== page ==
Recapitulation: Habitatio. In all these chapters, I will show application to my emerging church context, a church plant, that has seen significant growth with new Christians and existing Christians, that embodies and lives out this theology and application. These stories from the habitat have been the incarnational embodiment and environ to my research.

Narrative: In agreement with my supervisor there is to be no third person narrative to my dissertation, but I will offer my own story as introduction.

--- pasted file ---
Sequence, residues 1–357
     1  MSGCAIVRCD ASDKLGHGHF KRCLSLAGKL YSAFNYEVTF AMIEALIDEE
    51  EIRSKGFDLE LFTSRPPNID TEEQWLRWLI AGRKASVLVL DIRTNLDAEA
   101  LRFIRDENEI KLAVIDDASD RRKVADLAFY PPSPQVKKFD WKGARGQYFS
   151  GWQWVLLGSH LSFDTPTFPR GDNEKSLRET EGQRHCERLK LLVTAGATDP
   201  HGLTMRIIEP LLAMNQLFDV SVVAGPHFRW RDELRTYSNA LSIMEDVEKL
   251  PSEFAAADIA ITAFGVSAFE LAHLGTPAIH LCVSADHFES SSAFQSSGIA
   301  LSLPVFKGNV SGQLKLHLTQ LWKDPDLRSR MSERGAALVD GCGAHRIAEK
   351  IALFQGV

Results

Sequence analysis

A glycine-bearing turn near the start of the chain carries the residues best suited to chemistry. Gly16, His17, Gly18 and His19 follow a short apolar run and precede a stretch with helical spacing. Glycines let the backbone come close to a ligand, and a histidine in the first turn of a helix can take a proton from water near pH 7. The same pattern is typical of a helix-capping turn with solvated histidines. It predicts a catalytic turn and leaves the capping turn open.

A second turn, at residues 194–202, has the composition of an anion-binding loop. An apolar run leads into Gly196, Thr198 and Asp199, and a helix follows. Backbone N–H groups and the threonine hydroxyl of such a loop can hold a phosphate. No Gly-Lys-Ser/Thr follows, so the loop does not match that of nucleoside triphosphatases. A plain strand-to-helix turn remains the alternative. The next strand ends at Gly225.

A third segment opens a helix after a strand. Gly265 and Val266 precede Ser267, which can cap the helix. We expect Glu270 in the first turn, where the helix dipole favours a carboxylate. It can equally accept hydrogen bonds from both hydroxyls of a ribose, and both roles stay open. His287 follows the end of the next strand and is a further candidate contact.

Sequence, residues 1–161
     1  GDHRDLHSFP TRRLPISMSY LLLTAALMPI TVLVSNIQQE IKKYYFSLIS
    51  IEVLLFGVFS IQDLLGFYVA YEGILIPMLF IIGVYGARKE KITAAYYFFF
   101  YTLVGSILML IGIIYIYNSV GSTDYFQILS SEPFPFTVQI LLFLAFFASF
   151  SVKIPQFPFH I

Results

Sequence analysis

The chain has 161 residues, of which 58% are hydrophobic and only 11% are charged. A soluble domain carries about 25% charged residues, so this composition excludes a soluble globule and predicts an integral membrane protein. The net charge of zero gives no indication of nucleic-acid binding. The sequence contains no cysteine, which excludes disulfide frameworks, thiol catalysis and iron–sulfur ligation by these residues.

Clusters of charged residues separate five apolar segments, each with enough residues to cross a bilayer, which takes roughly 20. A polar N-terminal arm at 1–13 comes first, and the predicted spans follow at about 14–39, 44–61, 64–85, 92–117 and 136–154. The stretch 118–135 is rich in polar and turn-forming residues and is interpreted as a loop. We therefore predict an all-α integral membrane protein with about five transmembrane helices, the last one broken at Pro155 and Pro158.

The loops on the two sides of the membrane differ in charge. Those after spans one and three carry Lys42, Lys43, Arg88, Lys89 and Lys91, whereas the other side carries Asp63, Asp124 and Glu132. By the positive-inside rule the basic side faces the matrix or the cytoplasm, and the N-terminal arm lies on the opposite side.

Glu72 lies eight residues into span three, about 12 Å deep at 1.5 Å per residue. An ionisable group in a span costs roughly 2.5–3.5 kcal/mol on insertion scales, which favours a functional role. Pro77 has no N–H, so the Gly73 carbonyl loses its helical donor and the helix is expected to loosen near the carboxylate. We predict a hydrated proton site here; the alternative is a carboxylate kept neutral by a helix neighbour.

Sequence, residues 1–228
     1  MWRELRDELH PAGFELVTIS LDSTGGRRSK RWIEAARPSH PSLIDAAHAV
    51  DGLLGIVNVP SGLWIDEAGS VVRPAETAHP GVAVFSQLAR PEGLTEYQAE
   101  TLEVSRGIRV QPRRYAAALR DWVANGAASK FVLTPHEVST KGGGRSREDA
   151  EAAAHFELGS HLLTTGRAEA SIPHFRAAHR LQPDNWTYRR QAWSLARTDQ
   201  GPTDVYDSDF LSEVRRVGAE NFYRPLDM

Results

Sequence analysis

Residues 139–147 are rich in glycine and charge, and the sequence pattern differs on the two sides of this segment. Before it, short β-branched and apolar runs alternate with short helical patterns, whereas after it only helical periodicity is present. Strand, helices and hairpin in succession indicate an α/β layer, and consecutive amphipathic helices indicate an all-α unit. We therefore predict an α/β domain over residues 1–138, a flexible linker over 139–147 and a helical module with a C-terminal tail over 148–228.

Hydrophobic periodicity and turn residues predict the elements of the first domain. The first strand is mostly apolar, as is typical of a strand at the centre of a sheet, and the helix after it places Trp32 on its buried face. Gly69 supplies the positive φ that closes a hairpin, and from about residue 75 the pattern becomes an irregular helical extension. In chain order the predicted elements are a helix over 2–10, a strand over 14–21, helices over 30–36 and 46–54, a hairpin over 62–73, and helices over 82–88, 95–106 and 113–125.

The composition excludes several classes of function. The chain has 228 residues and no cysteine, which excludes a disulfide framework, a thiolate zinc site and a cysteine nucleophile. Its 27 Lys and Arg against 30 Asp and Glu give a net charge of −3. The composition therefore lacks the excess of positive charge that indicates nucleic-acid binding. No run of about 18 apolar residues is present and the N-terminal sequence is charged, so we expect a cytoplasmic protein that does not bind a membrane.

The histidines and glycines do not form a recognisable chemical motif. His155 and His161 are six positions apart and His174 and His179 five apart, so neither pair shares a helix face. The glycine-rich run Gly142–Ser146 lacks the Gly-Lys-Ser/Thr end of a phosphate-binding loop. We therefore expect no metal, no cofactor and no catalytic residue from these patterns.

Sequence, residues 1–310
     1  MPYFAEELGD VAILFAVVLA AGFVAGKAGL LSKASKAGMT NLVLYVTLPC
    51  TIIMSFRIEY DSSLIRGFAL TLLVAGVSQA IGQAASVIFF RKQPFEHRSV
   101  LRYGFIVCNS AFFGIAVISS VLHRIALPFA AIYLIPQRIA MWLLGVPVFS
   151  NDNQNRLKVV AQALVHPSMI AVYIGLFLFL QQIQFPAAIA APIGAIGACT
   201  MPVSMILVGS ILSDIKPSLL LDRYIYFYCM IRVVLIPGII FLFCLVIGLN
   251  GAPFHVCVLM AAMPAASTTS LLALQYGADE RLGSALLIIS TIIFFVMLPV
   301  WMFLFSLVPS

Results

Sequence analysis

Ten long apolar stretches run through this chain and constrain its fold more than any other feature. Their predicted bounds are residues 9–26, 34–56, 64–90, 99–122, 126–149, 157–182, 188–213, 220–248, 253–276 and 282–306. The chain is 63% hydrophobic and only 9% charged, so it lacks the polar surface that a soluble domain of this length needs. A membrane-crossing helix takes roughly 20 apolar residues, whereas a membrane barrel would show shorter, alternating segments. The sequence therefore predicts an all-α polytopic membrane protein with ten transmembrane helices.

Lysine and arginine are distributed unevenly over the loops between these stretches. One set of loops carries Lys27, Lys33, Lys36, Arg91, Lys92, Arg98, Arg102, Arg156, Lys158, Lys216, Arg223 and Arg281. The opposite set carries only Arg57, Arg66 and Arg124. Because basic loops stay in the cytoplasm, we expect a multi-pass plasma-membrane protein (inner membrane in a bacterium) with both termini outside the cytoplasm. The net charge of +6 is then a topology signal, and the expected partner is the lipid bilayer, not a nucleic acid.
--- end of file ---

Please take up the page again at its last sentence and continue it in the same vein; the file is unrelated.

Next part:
Shortcomings + Confessions+ Audience + Autobiography Unashamedly I must confess that the main person I had in mind for my dissertation was myself. The problem I have sought to address has been very personal. How can I maintain my own faith in the face of the emerging culture and context? Then, how can I as a pastor and leader enable our church to grow, with genuine renewal? As I look back on this research process, and illustrate it with stories from the life of our church community, I have had in mind three questions. What does it mean to be a Christian, what does it mean to be Church and what does it mean to be a leader/pastor, in the face of the seismic emergence of post-modernity? Three impossibly large questions! When I set out on my research, even before this doctoral programme, I imagined finding so many answers to those questions, but now realise they are a questions for a lifetime of research, reflection, application, and most likely the task at least, of this generation of Christians. I doubt my dissertation will offer much in the way of illumination to these questions, but I hope it will inspire others, as it has done me, to continue to pursue theological reflection in the service of forming communities and churches that are vibrantly and naturally connected to Christ, His Church and his mission and creation, in our post-modern world. And here I must declare some of my other bias. I love the church, in the plurality of its forms. It was a church that enabled me to meet Jesus, and begin a life of following him, and helping others to do the same. For all the problems of the church, and they are well documented, I believe the renewal of our churches is our hope for the future of Christianity. Whilst many have been hurt by church, I think the church has been just as hurt by those leaving it, criticising it and declaring it as irrelevant to the future. Whilst I understand the pain of Christians who have been denied a life giving faith, for their homes, work, and families, I have found the anger and rage in many voices unpalatable. And as I write, and seek to assess the church and its theology and practice, and suggest critique and a way forward for renewal and change, I know that I must inevitably end up stereotyping, misunderstanding and making my suggestions from a place of ignorance. I hope my voice will not add to the burden of leaders and churches, who are mostly wonderful people, trying their hardest to serve. So I hope in this dissertation my readers will find a voice of optimism, hope, and construction. That there is theological thought and tools that will enable the deconstruction and reconstruction of many of our churches, which is I believe the process, road and path to renewal. As I have interacted with other pastors and church leaders from my undoubtedly limited perspective, I have had the privilege to share my research and stories from our church. In this I have found a key reader for my writing, of people who know that church is not working, tired of being told they are irrelevant, that they should pack up and close their services, buildings, get rid of their staff, and to have immediate relevancy. For they know that this is not the case, and these axiomatics do not produce the promised mythical new post-modern nirvana of church. The future of church is not in anger, endless deconstruction, but in the hard daily grind of generous submission to each other, hope and dependency in the church Catholic, and spur one another onto engagement in the hard task of theological reflection, that brings genuine renewal. Most of all, I hope my writing and the story of our church will inspire others to see that church is not primarily about making it relevant, to my post-modern needs, but about recruiting people who will in the face of all the churches shortcomings, decide that they will serve, give, pray, minister, and share, and thereby see others come to and grow in faith, which is a blessing and reward enough in itself.